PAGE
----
Sunday, March 18, 2007

SoL Foundations for Leadership

Last week I attended the Society for Organizational Learning’s (SoL) Foundations for Leadership course. It was three days long, run by Peter Senge and Robert Hanig, and incredibly effective at promoting a lot of deep learning in a very short time.

The concepts of organizational learning are a core aspect of the MSLS program, and we worked with them a lot last year – they were essentially the backdrop for everything we did. Still, it was really helpful to spend three intensive days delving deep in the concepts with a new group of people and facilitated by the folks that developed and articulated the ideas.

What organizational learning is, exactly, can be difficult to put into words. Essentially it describes an ongoing process of profound change within an organization (business, school, NGO, government agency, etc.) Senge’s The Fifth Discipline is a central book in the field, exploring five disciplines of a learning organization: team learning, mental models, personal mastery, building shared vision, and systems thinking. These are interrelated concepts, each with a lot behind it. Most are to some extent self explanatory – mental models refer to the “deeply ingrained assumptions, generalizations, or even pictures or images that influence how we understand the world and take action.” Systems thinking I’ve talked a lot before – it is “the fifth discipline” and also the basis of the framework for strategic sustainable development (SSD).

One of the basic tools in the field of systems thinking and systems dynamics are causal loop diagrams (CLDs). The field also identifies some common patterns, or archetypes, that often play out in various ways in different systems. These archetypes are quite intuitive, as they are common patterns we have experience with, and the CLDs help clarify these patterns, bring them before us so we can get a better sense of what’s happening.

Here are two basic archetypes – Shifting the Burden and Limits to Success – as well as an example of each:

Another central theme in the field of organizational learning, which is also an integral part of the framework for SSD, is the concept of building a shared vision amongst a group of people, giving an honest analysis of the current reality. The gap between the vision and the current reality results in a creative tension. This is the basis of backcasting and enabling a strategic approach to sustainable development.

In the 5th Discipline, Senge points out that MLK Jr. once said: “Just as Socrates felt that it was necessary to create a tension in the mind, so that individuals could rise from the bondage of myths and half truths…so must we... create the kind of tension in society that will help men rise from the dark depths of prejudice and racism.” The same is true for creating a sustainable society, and navigating the enormous transformational change that is accompanying that creative effort.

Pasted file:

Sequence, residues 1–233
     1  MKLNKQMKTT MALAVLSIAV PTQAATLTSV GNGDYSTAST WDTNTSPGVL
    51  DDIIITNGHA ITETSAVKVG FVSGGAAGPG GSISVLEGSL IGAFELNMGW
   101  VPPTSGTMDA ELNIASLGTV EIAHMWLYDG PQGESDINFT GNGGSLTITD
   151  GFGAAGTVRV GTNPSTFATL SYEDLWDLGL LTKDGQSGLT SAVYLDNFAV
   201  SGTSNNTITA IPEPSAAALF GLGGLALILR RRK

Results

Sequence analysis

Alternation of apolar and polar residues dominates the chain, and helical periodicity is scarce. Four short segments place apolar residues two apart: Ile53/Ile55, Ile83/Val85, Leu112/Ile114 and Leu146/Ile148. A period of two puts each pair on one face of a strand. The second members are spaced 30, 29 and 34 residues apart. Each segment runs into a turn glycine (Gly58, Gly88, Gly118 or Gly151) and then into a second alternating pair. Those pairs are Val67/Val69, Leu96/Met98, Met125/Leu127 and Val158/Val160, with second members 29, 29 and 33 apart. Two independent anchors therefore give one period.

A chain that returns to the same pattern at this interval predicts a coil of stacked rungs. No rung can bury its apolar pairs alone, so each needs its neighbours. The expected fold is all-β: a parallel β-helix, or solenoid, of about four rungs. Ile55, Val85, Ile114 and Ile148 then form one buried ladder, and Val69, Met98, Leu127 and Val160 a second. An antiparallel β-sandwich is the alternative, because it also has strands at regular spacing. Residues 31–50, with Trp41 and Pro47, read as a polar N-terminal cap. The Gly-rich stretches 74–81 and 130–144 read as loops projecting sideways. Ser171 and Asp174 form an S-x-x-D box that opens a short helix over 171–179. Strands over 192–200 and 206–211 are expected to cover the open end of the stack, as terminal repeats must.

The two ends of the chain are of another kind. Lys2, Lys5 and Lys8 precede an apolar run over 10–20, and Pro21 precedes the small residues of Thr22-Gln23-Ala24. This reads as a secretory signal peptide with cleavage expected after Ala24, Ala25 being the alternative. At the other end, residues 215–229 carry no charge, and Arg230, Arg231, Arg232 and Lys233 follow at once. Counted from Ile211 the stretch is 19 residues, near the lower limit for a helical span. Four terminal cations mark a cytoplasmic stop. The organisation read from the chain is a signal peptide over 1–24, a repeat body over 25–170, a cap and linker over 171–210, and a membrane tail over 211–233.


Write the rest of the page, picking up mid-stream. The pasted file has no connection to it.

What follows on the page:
The book and the program explore the two basic motivators for sparking change: aspiration and desperation. The latter is responsible for the phrase “no change without crisis” and in the context of sustainability it is a motivator we see a lot, when organizations hit the funnel walls. When Wal-Mart feels the pain of consumer boycotts, or when Greenpeace campaigns against PVCs, dumps old washing machines on Electrolux’s parking lot, companies are motivated to make some changes towards sustainability.

However, when the conditions that created the desperation are no longer there, when enough has been done to relieve the outside pressure, the change toward sustainability often subsides. This can lead to frustration within the organization and from outside groups, as well as to many books and papers on why sustainability efforts fizzle out.

When organizations are motivated by an aspiration, on the other hand, when they are pulled towards a compelling vision of a successful, healthy, sustainable future, they often have a better chance of sustaining their efforts, and making more dramatic progress towards eliminating their contributions to unsustainability. It’s usually only through a real aspiration to move towards sustainability can a company reap all of the benefits like greater employee attraction and retention, increased productivity, meaningful innovation, dramatic cost savings, etc.

Bob Willard’s concept of 5-stages of corporate development with regard to sustainability highlight this concept:

Put into the context of the funnel, this idea shows how as companies move up through the stages they can reduce risks associated with unsustainable behavior:

We’re getting excited to head down to Atlanta for the SoL Sustainability Forum, where we’ll keep the learning going as we meet with those pioneering the shift to a new way of doing business and using organizational learning concepts to move towards sustainability. Stay going.